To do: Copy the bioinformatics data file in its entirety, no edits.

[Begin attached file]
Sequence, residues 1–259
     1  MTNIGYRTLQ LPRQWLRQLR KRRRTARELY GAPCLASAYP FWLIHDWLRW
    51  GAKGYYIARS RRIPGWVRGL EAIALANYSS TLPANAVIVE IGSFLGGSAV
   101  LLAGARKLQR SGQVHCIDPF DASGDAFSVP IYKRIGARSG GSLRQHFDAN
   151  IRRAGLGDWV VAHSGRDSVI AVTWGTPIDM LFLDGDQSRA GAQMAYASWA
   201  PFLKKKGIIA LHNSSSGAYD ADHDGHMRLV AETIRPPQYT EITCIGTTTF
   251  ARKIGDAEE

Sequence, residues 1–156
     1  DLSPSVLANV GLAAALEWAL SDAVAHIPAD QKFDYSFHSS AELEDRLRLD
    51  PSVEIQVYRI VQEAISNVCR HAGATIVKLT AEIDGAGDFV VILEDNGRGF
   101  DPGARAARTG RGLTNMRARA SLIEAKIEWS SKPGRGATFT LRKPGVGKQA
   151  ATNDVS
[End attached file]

Sequence, residues 1–259
     1  MTNIGYRTLQ LPRQWLRQLR KRRRTARELY GAPCLASAYP FWLIHDWLRW
    51  GAKGYYIARS RRIPGWVRGL EAIALANYSS TLPANAVIVE IGSFLGGSAV
   101  LLAGARKLQR SGQVHCIDPF DASGDAFSVP IYKRIGARSG GSLRQHFDAN
   151  IRRAGLGDWV VAHSGRDSVI AVTWGTPIDM LFLDGDQSRA GAQMAYASWA
   201  PFLKKKGIIA LHNSSSGAYD ADHDGHMRLV AETIRPPQYT EITCIGTTTF
   251  ARKIGDAEE

Sequence, residues 1–156
     1  DLSPSVLANV GLAAALEWAL SDAVAHIPAD QKFDYSFHSS AELEDRLRLD
    51  PSVEIQVYRI VQEAISNVCR HAGATIVKLT AEIDGAGDFV VILEDNGRGF
   101  DPGARAARTG RGLTNMRARA SLIEAKIEWS SKPGRGATFT LRKPGVGKQA
   151  ATNDVS